Is it all right to use magnetic headings on my chartplotter to adjust a new compass?
KARL WESTMAN, OCEAN CITY, NEW JERSEY
TIM BARTLETT REPLIES:
In theory, definitely not. But in practice I'd have to give you a very guarded "maybe." The problem, of course, is that your heading is the direction your boat is pointing in. Your chartplotter/GPS unit cannot know this. It only knows the direction the boat is moving, known as your "track" or "course over ground."
And there can be a big difference. For example, if you are doing 6 knots with a 3-knot current on your beam, there's a difference of almost 30 degrees between your heading and your track. But if you should be lucky enough to have a perfectly calm day and there is no tide or current to affect the boat's course over the ground, the track shown by your chartplotter should be the same as your compass heading if the compass is adjusted properly.
A good way to check your compass is to aim your boat at a fixed landmark or buoy, and then take the magnetic bearing of the landmark by placing your chartplotter's cursor on it. Then compare that bearing with the compass heading. As long as the landmark is more than a mile or so away, the bearing shown by the chartplotter should be the same as the compass heading, give or take a degree.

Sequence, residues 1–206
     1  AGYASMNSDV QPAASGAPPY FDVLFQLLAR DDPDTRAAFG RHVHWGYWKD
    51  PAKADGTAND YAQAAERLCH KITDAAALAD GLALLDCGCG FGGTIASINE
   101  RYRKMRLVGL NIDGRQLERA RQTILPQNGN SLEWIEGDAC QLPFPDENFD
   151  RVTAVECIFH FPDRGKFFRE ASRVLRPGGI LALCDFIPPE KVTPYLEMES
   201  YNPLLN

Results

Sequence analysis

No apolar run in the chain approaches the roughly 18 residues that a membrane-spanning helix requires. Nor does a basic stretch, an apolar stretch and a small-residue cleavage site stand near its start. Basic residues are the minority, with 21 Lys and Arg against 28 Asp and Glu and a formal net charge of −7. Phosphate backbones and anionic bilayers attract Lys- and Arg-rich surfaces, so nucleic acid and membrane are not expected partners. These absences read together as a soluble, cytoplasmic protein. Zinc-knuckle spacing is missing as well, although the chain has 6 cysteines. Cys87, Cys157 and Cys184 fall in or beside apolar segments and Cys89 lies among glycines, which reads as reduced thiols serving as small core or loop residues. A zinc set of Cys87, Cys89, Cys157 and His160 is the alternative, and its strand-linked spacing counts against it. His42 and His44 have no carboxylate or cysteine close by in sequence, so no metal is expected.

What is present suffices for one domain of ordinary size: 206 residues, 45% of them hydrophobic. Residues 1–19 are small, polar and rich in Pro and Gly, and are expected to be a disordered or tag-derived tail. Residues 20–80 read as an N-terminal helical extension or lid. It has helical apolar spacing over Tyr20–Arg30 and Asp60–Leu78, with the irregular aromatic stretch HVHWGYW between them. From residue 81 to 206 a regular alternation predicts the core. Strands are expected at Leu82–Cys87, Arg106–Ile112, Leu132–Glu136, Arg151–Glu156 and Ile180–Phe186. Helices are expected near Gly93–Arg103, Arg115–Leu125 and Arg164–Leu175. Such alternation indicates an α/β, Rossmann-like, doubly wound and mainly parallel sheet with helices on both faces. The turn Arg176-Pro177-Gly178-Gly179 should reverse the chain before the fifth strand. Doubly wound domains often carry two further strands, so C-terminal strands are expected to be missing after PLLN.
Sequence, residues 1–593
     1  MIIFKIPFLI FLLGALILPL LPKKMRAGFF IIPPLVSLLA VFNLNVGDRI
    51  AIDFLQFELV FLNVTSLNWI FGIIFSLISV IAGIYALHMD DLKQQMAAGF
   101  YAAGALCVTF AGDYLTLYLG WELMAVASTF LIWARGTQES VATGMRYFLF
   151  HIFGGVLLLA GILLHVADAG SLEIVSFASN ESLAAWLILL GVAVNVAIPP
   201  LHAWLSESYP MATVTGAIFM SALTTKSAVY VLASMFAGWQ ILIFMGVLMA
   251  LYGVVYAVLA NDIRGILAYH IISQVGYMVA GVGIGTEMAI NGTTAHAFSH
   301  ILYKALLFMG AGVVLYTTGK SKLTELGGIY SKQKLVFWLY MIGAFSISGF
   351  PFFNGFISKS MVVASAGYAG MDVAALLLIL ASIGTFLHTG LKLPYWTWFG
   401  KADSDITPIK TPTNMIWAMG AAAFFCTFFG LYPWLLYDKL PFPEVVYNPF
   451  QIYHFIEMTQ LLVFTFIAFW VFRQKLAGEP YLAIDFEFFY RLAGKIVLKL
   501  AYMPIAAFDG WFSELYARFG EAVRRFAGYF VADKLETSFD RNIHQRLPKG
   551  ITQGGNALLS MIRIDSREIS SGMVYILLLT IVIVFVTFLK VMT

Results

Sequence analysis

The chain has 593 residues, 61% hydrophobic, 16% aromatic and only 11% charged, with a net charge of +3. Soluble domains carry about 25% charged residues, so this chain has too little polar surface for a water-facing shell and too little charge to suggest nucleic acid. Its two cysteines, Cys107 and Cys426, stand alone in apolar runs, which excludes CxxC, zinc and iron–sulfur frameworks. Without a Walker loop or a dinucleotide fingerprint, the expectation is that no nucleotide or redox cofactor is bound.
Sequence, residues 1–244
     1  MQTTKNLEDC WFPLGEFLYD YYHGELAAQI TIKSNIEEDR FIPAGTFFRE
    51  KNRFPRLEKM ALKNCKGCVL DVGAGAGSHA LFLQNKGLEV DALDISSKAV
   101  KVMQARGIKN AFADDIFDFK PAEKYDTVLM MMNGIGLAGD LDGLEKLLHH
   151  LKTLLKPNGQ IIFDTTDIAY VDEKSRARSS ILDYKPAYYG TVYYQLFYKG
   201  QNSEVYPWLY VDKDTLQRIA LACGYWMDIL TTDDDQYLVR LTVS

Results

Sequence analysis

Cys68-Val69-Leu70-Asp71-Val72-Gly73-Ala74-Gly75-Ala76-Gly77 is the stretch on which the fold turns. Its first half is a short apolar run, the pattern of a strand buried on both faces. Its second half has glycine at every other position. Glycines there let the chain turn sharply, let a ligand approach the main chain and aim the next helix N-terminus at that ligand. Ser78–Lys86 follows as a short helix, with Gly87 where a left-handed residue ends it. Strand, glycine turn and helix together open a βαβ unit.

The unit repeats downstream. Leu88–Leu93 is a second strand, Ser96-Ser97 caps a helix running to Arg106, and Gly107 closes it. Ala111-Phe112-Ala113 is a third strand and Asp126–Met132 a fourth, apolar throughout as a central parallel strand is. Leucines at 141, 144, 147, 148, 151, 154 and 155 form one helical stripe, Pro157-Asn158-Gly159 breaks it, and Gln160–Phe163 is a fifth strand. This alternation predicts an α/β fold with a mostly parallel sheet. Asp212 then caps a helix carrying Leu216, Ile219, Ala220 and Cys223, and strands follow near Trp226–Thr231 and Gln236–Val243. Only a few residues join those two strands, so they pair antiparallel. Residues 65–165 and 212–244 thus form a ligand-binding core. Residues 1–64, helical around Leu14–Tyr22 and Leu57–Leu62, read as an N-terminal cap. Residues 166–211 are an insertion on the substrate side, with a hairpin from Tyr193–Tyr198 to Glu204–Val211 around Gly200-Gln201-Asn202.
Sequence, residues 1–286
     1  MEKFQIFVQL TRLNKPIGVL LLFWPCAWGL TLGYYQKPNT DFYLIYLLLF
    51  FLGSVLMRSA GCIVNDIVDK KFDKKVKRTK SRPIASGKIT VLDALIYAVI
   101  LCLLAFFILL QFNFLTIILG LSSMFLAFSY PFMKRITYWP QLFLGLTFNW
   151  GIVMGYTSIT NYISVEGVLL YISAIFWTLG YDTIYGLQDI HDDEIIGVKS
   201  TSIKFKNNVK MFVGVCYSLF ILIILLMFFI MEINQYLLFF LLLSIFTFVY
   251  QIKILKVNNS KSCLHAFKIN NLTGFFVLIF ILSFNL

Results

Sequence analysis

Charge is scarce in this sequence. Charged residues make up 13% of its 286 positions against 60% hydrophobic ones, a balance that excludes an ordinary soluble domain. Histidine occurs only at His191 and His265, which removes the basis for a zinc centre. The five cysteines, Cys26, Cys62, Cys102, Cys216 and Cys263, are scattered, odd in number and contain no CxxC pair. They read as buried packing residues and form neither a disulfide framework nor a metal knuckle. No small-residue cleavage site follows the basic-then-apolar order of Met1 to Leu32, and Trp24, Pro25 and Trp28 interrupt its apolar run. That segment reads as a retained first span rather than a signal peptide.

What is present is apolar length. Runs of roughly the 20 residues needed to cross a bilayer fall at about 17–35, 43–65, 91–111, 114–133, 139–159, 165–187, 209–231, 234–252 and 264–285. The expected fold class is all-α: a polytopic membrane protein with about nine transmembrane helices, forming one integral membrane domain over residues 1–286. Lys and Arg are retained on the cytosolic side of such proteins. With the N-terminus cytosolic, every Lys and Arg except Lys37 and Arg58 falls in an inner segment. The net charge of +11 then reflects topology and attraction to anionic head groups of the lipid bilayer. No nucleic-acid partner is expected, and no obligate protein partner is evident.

CLEAR CHANNELI'm thinking about getting a satellite radio receiver so I can download all the marine weather products that are available these days. But I'm curious: Will I have to mount one of those softball-sized antennas above my deck?
HENRY MEYER, CHICAGO, ILLINOIS
GORDON WEST REPLIES:
Before you do anything about mounting the antenna, first check with your marine electronics specialist and make sure that the satellite radio weather products you plan to receive will be compatible with the charting program you have or plan to use. Navico's Northstar, for example, includes the Sirius weather module with Shakespeare's Galaxy softball-sized antenna system, and this antenna can pull signals in through fiberglass. Even so, if you have a deck with a teak overlay and it is covered with seawater, chances are good that reception of satellite signals will likely be blocked.